Will Arnett, Dax Shepard, and Chi McBride head to the slammer in their latest comedy

Anytime you set a comedy inside a prison, you're asking for a few laughs. Well, that's exactly what Bob Odenkirk did in his latest flick, Let's Go to Prison.

The film stars Will Arnett as the son of a judge who gets mistakenly thrown in jail; that's where he meets the guy who put him there, Dax Shepard. Dax has made 'Cell Block D' his second home, and wants nothing more than to make Will's life a living hell. Fortunately, or unfortunately for Will, he's got Chi McBride to protect him. And that's where the fun begins. Chi plays a character named Barry, who is the head of the black G Lords. "Bad mother f*ckers," explains Chi. "But I'm actually in the prison and I'm a tough guy, and I'm a head of a gang, and I'm also looking for love, and I think I've found it with Will Arnett's character. So it's a dark, subversive comedy, and I think you're really going to love it.

Getting a word in edge wise while talking to Will and Dax together was nearly impossible - they were goofing around, and probably having as much fun now as they did on the set. As they sat down, Will started speaking French; Dax couldn't help but be intrigued. "Oh my gosh, I'm getting intoxicated right now; would it make anyone uncomfortable if I removed my slacks while he talks?"

And Dax continued letting us know what the atmosphere was like on set. "Just annoying everyone in sight; we went through five crews where like Michael Mann's of comedy."

As far as improvising, Will says there was some. "Yeah, we did a fair bit of improvising; we don't want to take away from the writers." And Dax jumped in with, "If you like this movie, it's largely due to our improv, and if you hate it those writers need to be fired. But yeah, we got to fool around - not a tremendous amount. One of the producers, Marc Abraham insisted we stay pretty close to the script, so we did."

For Chi, there wasn't much adlibbing in his character. "It was pretty much all on the page; I mean, it just was. There were a couple things that we ad-libbed, but it was mostly on the page. Bob Odenkirk's a funny guy and we had some very funny people involved, and it just didn't need that much. And I think that why this movie worked for me is I always felt like the realer we played it, the funnier that it would be. It's when you try to play jokes and make it funny that it never works, and everybody's sitting in the theater with their face looking like they're taking their picture for their driver's license. And I think that that's what makes it work - and this was no exception."

Both Will and Dax gave us a little insight into an improv gave called 'buttoning it up.' "It was to see who could add one more button at the end of a scene," Dax said. "So Bob kept rolling, and that's what we got," added Will.

And so Dax started it off with, "And that's why she never came by."

Will: "Yeah ever."

Dax: "Because she got lost."

Will: "That was her."

Dax: "Better know as."

And Will explained it as, "You do a scene and sometimes you don't know the other guy's going to button it up and you yell cut and its like 'G-d damn, I didn't know you brought an extra pocket full of buttons.'" Dax finished with, "Yeah, they were blowing buttons out on sale on the ride into work and you've got a whole satchel of them."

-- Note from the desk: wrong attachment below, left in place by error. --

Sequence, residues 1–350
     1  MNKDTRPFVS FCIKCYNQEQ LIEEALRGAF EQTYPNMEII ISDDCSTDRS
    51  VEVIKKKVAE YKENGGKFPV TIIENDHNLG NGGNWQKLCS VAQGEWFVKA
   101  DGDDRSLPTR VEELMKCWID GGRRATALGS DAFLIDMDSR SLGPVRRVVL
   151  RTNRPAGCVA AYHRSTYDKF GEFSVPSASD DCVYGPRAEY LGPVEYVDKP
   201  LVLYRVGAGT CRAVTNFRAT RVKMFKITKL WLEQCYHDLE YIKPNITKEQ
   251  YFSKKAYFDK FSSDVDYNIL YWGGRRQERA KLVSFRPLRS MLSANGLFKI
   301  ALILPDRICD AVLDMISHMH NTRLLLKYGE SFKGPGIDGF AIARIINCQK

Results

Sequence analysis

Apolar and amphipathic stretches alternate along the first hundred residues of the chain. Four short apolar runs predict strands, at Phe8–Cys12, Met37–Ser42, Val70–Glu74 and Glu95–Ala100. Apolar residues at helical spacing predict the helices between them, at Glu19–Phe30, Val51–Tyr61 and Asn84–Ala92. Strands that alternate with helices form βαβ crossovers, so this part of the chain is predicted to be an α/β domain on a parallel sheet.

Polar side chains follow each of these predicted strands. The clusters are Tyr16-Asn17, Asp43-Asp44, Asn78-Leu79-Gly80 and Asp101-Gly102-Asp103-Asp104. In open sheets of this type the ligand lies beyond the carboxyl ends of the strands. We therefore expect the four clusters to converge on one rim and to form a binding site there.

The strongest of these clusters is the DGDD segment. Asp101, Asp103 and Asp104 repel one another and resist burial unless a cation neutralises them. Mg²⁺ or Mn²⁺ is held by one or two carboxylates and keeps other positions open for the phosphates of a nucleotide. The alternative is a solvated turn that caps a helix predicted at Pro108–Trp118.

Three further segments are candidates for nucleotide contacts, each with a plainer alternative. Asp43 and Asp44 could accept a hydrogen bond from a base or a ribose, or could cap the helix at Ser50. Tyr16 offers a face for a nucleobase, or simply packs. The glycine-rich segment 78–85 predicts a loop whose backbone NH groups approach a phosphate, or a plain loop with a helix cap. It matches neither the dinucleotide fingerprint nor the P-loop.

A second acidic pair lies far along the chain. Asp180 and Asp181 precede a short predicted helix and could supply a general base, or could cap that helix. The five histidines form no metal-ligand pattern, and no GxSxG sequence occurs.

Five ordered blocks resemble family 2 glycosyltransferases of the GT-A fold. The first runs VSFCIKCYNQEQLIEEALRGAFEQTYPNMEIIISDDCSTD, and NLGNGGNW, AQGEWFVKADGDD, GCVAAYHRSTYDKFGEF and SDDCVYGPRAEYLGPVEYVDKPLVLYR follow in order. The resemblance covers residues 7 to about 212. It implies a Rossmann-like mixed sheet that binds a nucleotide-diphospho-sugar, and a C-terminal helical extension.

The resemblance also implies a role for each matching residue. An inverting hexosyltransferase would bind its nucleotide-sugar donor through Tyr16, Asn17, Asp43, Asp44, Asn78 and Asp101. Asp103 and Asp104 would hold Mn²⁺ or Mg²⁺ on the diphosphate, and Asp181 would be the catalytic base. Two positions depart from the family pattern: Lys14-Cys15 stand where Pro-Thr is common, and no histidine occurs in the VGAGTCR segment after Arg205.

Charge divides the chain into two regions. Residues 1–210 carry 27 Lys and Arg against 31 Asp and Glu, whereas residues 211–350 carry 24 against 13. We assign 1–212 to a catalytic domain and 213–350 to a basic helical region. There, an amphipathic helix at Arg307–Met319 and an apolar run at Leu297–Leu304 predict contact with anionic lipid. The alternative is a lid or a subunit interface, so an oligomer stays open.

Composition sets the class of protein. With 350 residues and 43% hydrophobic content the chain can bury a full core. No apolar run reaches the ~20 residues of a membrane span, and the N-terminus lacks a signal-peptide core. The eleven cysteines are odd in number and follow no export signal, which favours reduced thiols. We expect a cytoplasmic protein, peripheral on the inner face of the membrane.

As Chi explained earlier, Will got became his love interest; luckily for Will, he didn't have to do too much research. "Chi has built in that he's a very large gentleman, and he is a big physical presence and it did not make it difficult to be physically threatened by his presence. But he's really fun, and he's such a funny guy; he wasn't used, prior to this, enough in a comedic way and he's a really funny actor. We had so much fun being in this love story with this huge dude."

And Chi really felt the same way about Will. "Look at me, man. Who wouldn't come around? Come on, of course he submits!"

Will, Chi, and Bob are working together on their next film as well, Brothers Solomon. "More of the same," Chi says. "And the character I play in that is a very acerbic and cynical and quick-witted guy, and I really loved playing that character. So those are the things that really attract me to comedies."

Let's Go to Prison is actually based on a real book by Jim Hogshire called You Are Going To Prison. Will says, "It was written as a handbook for people who knew incarceration was imminent. Basically how to survive, how to make your path the easiest." And Dax continued, "It takes you through getting arrested to going to court to how you should behave in court, what kind of lawyers you get when you get to prison, what you should do while you're in prison, how to make different things."

Aside from the comedy, Chi is very passionate about getting another story out to the public - the story of the 1920's boxer, Jack Johnson. "Jack Johnson is probably the most controversial and multifaceted black man that this country has ever seen; he was the precursor to Muhammad Ali. And he was Muhammad Ali in the 1920s, which seems unbelievable that a guy, a black man, especially a dark skinned black man in 1918, is driving through the South at 80 miles an hour, and gets stopped by a cop, and says, 'Well, you might as well give me two tickets, because I'm going to be going this fast on the way back.' You know what I mean? A guy to have those kind of stones in those days? When people were just hanging people from trees just for being black, so a character like that, yeah, I'm dying to play that. And I don't know that anybody can touch what James Earl did in The Great White Hope, but that movie hasn't been seen in a long time, that story hasn't been told. And when Ken Burns did his piece on Jack Johnson, it made me want to play that role."

You definitely get to see a different side of Chi in Let's Go to Prison. Check him, Will, and Dax out in the flick when it opens in theaters November 17th; it's rated R.